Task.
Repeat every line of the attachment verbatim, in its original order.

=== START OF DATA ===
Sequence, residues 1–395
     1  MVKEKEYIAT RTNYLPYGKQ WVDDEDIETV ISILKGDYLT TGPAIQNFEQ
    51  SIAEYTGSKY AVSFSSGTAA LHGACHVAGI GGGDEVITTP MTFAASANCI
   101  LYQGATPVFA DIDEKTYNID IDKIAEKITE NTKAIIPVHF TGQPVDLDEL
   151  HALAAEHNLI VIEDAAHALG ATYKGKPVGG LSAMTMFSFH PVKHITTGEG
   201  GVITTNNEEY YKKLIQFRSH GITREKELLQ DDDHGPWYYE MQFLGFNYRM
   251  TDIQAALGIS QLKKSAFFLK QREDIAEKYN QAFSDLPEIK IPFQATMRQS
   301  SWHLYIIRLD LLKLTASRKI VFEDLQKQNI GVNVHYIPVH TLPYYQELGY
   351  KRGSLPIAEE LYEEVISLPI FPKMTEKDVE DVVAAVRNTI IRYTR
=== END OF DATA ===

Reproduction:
Sequence, residues 1–395
     1  MVKEKEYIAT RTNYLPYGKQ WVDDEDIETV ISILKGDYLT TGPAIQNFEQ
    51  SIAEYTGSKY AVSFSSGTAA LHGACHVAGI GGGDEVITTP MTFAASANCI
   101  LYQGATPVFA DIDEKTYNID IDKIAEKITE NTKAIIPVHF TGQPVDLDEL
   151  HALAAEHNLI VIEDAAHALG ATYKGKPVGG LSAMTMFSFH PVKHITTGEG
   201  GVITTNNEEY YKKLIQFRSH GITREKELLQ DDDHGPWYYE MQFLGFNYRM
   251  TDIQAALGIS QLKKSAFFLK QREDIAEKYN QAFSDLPEIK IPFQATMRQS
   301  SWHLYIIRLD LLKLTASRKI VFEDLQKQNI GVNVHYIPVH TLPYYQELGY
   351  KRGSLPIAEE LYEEVISLPI FPKMTEKDVE DVVAAVRNTI IRYTR